The church is in a bad shape, I have heard people say. “How can it be the unstoppable force God intended? How will we change the world? I wish things were like the church of Acts. Let’s pray for a move of God.”
These are things that you may have heard in the context of the universal or the local church. Recently I did a series on what it means to belong to a church, and I believe the message shared can weigh in with our concern about the church.
I shared largely on Ephesians 4 in my recent series. The sum of it is that Ephesians is indicating that there is more to improving the shape of the church, than just a well meaning prayer, or a sole dependence on a move of God. The apostle speaks of a mysterious unity with one another, that if not understood, could impinge our maturity, and thus our function in Christ. Can you believe that? My actions could affect how you function in the body of Christ, and vice versa. Indeed you and I have a part to play in getting the church healthy, to be able to stand up to the task of fulfilling God’s call.
Unity for Paul is key to the church standing up to fulfill its purpose, to be a voice for God, and make his wisdom known to the world, and the satanic realm. (Eph 3:10)
Out of Paul’s discourse, we can glean three distinct truths in walking in oneness.
Let’s look at the text together, as we explore these three thoughts:
As a prisoner for the Lord, then, I urge you to live a life worthy of the calling you have received. Be completely humble and gentle; be patient, bearing with one another in love. Make every effort to keep the unity of the Spirit through the bond of peace. There is one body and one Spirit, just as you were called to one hope when you were called; one Lord, one faith, one baptism; one God and Father of all, who is over all and through all and in all. (Ephesians 4:1-6)
Paul firstly calls us to understand our salvation in the light of a corporate body. The first few verses of Ephesians indicates our unity in faith, and experience of the son of God. Christ cannot be divided – he is one. If we belong to Christ, then we belong to each other. After all, according to Ephesians 4:25, we are members of one body. And as stated by Christ:
I in them and you in me–so that they may be brought to complete unity. Then the world will know that you sent me and have loved them even as you have loved me. (John 17:23)
Am I different than you? Of course. Am I accountable for myself? Definitely. But in some mysterious way, I am also responsible for you. This is the depth of the union that we share with one another, as we share in the communion of faith in Christ.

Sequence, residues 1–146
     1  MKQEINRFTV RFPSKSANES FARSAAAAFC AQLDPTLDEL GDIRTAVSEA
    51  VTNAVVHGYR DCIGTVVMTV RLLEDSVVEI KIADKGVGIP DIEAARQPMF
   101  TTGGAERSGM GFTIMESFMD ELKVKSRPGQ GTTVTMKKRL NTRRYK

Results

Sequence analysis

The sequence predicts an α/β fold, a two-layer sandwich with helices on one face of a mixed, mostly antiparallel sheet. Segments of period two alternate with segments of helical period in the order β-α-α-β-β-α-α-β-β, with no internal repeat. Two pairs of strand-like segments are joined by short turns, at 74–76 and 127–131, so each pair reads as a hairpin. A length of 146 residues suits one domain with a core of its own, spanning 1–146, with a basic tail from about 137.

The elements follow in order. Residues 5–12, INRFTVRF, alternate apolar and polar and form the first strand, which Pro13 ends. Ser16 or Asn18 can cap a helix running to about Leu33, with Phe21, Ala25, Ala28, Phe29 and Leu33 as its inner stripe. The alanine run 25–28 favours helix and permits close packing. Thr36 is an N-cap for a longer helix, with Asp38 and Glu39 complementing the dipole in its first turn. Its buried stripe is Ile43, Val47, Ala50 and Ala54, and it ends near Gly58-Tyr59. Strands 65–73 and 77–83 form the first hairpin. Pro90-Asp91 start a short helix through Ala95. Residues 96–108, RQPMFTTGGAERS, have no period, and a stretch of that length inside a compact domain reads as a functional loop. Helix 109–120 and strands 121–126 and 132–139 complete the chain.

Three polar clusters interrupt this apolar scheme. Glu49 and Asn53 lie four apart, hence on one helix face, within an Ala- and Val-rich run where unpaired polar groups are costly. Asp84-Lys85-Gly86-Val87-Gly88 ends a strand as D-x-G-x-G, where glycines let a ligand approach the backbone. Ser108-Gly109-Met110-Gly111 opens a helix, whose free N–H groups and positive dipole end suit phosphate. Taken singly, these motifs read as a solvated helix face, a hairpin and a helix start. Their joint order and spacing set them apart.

Secondly, Paul urges us in our unity to be accountable for each other. See without true accountability, I cannot bring the maturity that God wants to work in your life. So he asks them to “speak truthfully with one another” (Eph 4:15,25). This truthful speaking can only occur amongst believers who commit time and effort in developing covenant relationships, particularly in a local assembly. Too often contemporary believers are not deeply planted in a local church community, and thus lack a context where such heart felt words could be spoken over them. Thus eliminating this important avenue of mutual edification that fosters maturity in Christ. In the individualistic west, we seem to have departed far from the biblical value of a corporately accountable practice of faith. The western Christian says “if God hasn’t spoken to me, then I won’t do.” While the biblical believer discerns God’s truth, not only in a personal context (ie what God says, or doesn’t say to me) but also what is He saying through my local community of believers to me. The biblical Christian truly understands the sharpening effect of iron, and sees the other member as part of their spiritual formation into maturity. Addressing the deep issue of an overly individualistic mindset will challenge both the clergy and the laity. Church leadership may have to hold difficult conversations with misguided saints, always remembering to hold love as the goal of instruction, while church members will need to be functionally active members of a local assembly. This functional membership is one where I submit to the discipleship oversight of the church, and commit to intentional fellowship, forming a few vital relationships where transparency is prevalent.
Finally in our passage in Ephesians 4:28 Paul urges us to meet each other’s needs, as we share with one another. A picture of the first church in Acts comes to mind. These believers were so bound up in a communal faith, that they seemed to instinctively know how to meet the needs of their fellow believers. This church is shown to give as needed, raise up offerings for the starving poor, maintain a significant feeding program (Acts 6) and even sell property when the need for extra funds arise. Can you imagine your fellow believers in your local assembly doing this for one another? Though this may be an ideal for many communities of faith, I believe this is where we are headed as a church. The problem is not being generous, it’s simply not understanding how much we belong to another. After all if your family member was in desperate need, surely you would be generous in alleviating their trouble. Paul thus, as he challenges the Ephesians to give is saying we are one. We are members of each other, indeed family. So let’s endeavour to earn funds so that we can share freely, for that is what a united body does.
So according to Paul, you and I have a part to play in restoring the church to the condition it needs to be “until we all reach unity in the faith and in the knowledge of the Son of God and become mature…” Eph 4:13. Notice that it is an inclusive effort. We are in this together, and the sooner we are able to support each other as a local and global church, the quicker we will be mature, and able to fulfill the glorious role that God has for His church in these last days.
– Pastor Olu Jegede